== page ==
Takeover of drugstore chain Rite Aid will solidify WBA’s position as US market leader but integrating the business won’t be easy.

In October, Walgreens agreed to take over drugstore chain Rite Aid in an all-cash deal worth $9.41bn (£6.46bn), creating a business proposition that will dominate its closest competitor, CVS Health Corp.

The deal will not only solidify WBA’s position as US market leader, but generate substantial operational efficiencies and, if synergies are fully leveraged, cost savings.

On the flipside however, WBA’s debt level will rise, with the transaction expected to be heavily financed with debt. The big question, then, is really how will the deal, and the subsequent integration of the acquired business, be paid for?

Given the relatively short timeframe between this deal and Walgreens’ acquisition of Alliance Boots in December 2014, the complexities involved in integrating the businesses will certainly place pressure on management, potentially distracting focus from core operations.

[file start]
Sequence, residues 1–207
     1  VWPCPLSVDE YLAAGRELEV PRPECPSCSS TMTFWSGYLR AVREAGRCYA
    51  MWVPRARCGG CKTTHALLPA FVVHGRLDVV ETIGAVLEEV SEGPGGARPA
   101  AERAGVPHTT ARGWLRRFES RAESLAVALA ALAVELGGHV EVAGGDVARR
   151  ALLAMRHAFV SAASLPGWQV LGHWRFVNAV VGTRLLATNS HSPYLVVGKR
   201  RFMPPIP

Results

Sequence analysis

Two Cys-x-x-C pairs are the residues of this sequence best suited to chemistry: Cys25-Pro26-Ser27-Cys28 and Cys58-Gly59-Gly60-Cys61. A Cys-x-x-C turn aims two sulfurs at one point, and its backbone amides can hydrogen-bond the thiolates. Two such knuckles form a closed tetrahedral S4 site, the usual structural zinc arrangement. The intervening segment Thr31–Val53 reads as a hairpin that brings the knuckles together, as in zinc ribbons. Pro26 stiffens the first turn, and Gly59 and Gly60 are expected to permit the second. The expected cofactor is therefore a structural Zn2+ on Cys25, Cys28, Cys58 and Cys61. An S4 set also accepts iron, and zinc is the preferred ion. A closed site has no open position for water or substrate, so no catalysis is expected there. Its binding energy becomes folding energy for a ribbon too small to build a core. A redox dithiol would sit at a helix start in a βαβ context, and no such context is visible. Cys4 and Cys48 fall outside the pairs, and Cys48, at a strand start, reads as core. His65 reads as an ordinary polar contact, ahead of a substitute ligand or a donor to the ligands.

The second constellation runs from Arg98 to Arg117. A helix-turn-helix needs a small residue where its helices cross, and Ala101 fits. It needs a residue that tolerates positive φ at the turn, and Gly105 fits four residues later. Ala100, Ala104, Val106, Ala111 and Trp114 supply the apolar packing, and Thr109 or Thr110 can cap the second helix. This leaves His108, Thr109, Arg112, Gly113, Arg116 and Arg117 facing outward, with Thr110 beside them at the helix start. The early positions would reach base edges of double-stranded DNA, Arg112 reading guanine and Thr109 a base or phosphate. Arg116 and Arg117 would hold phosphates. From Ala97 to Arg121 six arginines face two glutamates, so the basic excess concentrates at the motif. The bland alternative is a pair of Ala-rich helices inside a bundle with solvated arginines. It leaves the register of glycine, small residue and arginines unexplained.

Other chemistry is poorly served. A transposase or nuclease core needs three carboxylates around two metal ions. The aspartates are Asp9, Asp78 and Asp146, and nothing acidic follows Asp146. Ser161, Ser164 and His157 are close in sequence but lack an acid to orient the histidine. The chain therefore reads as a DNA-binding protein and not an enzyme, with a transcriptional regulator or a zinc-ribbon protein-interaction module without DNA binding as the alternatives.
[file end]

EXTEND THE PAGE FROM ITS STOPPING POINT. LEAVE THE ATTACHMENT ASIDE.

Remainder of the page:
Furthermore, for any deal to receive Federal Trade Commission (FTC) approval, there will very likely be a substantial number of store divestments required. The FTC’s recent behaviour, particularly in regard of the Staples-Office Depot merger, suggests that, while a duopoly in a given sector is tolerable, it draws the line at monopolies.

Numbers bandied around by commentators seem to suggest WBA would be required to shed anything from 800 to 1,000+ locations.

The obvious beneficiary of this would be CVS, meaning some of the advantages of the Rite Aid deal would be defrayed. Were CVS to decline those sites, grocery operators – maybe even discounters – might snap them up.

Achieving any potential synergies will take time, especially when dealing with the integration risks so soon after combining Walgreens with Alliance Boots, and with Rite Aid only still absorbing the recently purchased pharmacy management business EnvisionRx.

What is encouraging is that management continues to focus efforts on enhancing operational performance. While this has yet to yield high profit margins, it is outweighed by the company’s strengths, such as its robust revenue growth and good cash flow from operations.

Revenues of $29.03bn (£19.93bn) in the period ended November 30 missed the $29.56bn (£20.29bn) Wall Street had expected.

Looking ahead, the business is in a cautious mood, narrowing its earnings forecast range for 2016.

Walgreens Boots Alliance (WBA) beat profit expectations in its first quarter, delivering group earnings of $1.11bn (£760m).